ECB Central Bank Euribor
Back to Home

ECB meets this week and is tipped to raise interest rates by 0.75%

Financial market volatility expected to remain high

Financial markets remain extremely volatile of late. Having fallen from 2.16% in June to a low of 1.12% in July, the 3 year swap (fixed) rate ended August back up at 2.11%. Over these 3 months, the daily trading range breached 0.10% on 22 of the 66 trading days. To provide context to how significant this level of volatility is, over the 3 years from 2019 through to the end of 2021, there was not one occasion when a daily move of this magnitude occurred.

The prognosis for trading conditions in September is for volatility to remain high. Yesterday, European gas prices spiked 35% on the open in response to Russia’s decision over the weekend to close the Nordstream gas pipeline. 3 year swap rates jumped 0.05% this morning and this rise in term rates may have been more pronounced were it not for this morning’s release of the closely watched Purchasing Manager Index which showed that economic activity in Germany has fallen to a 27 month low and that across the whole of the Eurozone, activity contracted for the second month in a row.

ECB to raise interest rates by at least 0.50% this week

This combination of rising inflation and declining economic activity places the European Central Bank in an invidious position but won’t deter them from raising rates by at least 0.50% at their policy meeting this Thursday. In fact, with consumer inflation up at 9.1% and producer price inflation at 37.9%, the market is anticipating that an even larger 0.75% rate hike will be delivered.

How high will euribor go?

Borrowing costs are rising quickly. Having set at 0.0% as recently as July, 3 month euribor is already at 0.76%. And with 3-year rates above 2%, it’s evident that the market expects the ECB will continue to tighten at upcoming policy meetings and that euribor will rise sharply into the year end. Recent comments from ECB board members indicate that there is a willingness to tighten interest rates even into an economic slowdown. The Governor of the French central bank recently warned that the ECB is prepared to raise interest rates beyond the neutral rate of interest which implies a willingness to take interest rates above 2%. The question is, how far above?


Currently, the forward curve for euribor implies a terminal peak of 2.26% in 2023 while the forward curves for the equivalent rates in both the US and UK imply terminal peaks in their rates cycles above 4%. In light of hawkish comments from ECB officials, the ongoing energy crisis as well as the market’s projections for interest rates in other major economies, euro borrowers need to ensure that they can cope with interest rates well in excess of 2%.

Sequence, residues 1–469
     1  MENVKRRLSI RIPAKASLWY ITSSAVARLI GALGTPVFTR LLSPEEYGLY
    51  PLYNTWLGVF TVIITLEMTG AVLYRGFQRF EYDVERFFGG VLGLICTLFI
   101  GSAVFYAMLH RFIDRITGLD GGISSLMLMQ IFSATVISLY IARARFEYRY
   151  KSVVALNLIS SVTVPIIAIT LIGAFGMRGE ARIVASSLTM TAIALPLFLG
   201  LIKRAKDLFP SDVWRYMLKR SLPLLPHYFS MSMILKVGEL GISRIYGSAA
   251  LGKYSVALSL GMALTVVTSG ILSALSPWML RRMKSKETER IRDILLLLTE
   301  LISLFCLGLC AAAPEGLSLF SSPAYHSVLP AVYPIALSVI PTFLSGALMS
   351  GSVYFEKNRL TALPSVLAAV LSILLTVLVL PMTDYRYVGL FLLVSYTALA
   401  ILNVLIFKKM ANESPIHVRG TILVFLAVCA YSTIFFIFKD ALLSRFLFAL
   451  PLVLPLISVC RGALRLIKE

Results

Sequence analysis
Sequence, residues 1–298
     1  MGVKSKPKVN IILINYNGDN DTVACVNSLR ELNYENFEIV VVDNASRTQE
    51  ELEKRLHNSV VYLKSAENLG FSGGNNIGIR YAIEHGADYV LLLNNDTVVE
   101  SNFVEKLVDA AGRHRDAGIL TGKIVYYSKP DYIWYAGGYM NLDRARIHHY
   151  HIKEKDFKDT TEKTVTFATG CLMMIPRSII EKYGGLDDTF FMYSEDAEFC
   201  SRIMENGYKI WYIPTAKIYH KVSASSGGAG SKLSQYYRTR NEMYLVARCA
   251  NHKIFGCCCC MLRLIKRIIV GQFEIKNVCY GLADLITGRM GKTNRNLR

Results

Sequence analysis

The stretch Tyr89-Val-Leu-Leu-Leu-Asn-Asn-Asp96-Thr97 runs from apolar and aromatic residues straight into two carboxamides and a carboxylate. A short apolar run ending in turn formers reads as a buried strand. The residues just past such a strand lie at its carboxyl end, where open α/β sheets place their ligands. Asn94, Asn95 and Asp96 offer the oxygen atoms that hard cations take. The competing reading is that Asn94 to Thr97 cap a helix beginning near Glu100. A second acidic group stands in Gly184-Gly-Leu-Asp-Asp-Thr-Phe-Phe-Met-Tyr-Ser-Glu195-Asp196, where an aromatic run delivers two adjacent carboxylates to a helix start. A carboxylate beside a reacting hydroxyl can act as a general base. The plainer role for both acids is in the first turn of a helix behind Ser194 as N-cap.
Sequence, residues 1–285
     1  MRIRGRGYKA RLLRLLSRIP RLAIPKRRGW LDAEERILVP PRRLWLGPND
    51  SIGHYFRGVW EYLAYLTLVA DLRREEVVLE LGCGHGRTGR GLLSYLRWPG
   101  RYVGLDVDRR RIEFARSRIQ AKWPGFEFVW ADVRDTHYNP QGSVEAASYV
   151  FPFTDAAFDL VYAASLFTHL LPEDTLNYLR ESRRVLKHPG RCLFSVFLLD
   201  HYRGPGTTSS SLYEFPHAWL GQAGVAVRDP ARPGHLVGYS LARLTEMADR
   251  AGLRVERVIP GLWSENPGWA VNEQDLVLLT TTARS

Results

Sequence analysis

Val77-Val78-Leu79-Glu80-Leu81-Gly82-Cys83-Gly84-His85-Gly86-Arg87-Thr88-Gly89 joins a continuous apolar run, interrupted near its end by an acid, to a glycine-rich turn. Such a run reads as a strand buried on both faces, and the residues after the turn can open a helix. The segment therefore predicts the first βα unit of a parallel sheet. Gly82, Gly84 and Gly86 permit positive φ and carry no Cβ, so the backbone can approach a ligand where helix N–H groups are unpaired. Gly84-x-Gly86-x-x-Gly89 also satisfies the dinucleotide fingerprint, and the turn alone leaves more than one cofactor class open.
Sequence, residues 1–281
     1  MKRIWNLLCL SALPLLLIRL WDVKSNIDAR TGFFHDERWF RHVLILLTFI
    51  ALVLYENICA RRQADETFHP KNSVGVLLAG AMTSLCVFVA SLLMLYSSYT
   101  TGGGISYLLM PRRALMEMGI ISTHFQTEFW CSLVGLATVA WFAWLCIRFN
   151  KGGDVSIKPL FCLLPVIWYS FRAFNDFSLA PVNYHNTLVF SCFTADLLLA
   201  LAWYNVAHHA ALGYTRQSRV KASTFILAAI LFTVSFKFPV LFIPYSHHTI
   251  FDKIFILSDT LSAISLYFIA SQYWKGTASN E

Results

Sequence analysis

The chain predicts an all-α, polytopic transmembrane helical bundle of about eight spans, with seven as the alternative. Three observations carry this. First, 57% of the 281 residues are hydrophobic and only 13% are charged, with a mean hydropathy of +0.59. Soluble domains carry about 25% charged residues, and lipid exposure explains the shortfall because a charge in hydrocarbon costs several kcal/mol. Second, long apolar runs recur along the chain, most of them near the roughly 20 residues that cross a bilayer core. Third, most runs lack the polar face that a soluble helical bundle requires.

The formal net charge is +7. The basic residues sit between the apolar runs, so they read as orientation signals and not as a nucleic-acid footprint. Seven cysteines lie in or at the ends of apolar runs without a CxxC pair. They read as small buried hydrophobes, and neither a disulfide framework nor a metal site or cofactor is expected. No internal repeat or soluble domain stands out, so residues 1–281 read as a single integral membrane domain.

How are borrowers reacting to rising interest rates?

Having enjoyed a low interest rate environment for over a decade, borrowers (and lenders) are now having to quickly adjust to a very different operating environment. Understandably, we’re seeing some gaps in the level of knowledge about how interest rate hedges are priced and structured and are working closely with clients to ensure that hedging costs are minimised and hedge structures are optimised. Examples of the types of conversations we’re having include:

  • – Benchmarking the price on hedging trade calls between a borrower and their bank to ensure that bank pricing is as tight as possible. This is especially important now given that we are regularly seeing moves over 0.10% in a single day. The earlier we are engaged, the more leverage we have to deliver a better outcome
  • – Structuring Cap profiles to minimise the premium cost
  • – Monitoring market levels for clients to take advantage of favourable price moves
  • – Pre-hedging the future interest rate risk on loans to be drawn or refinanced in the future/ expiring fixed rate loans. This is most relevant for borrowers who have fixed income and risk breaches of interest rate covenants or margin erosion

If any of this resonates with you, or for more information on how Vuca Treasury helps borrowers manage interest rate risk, please contact the team by mailing 

Martin Mulligan

Martin Mulligan

Martin Mulligan is the founder of Vuca Treasury. Since 1994, Martin has structured and sold foreign currency, interest rate and commodity hedges for corporate and financial institutional clients at a number of major banks in Ireland, Australia and the UK.

This blog has been prepared by Vuca Treasury Ltd and is for information purposes only and does not constitute investment advice. The information contained herein is based on materials and sources that we believe to be reliable. However, Vuca Treasury makes no representation or warranty, either express or implied, in relation to the accuracy, completeness or reliability of the information contained herein. Except in the case of fraudulent misrepresentation, no liability is accepted whatsoever for any direct, indirect or consequential loss arising from the use of this document. No client-advisor relationship shall be created as a result of this presentation and/ or your use of the information contained in it. A client relationship shall only arise where you become a client of Vuca Treasury by way of our formal engagement agreement.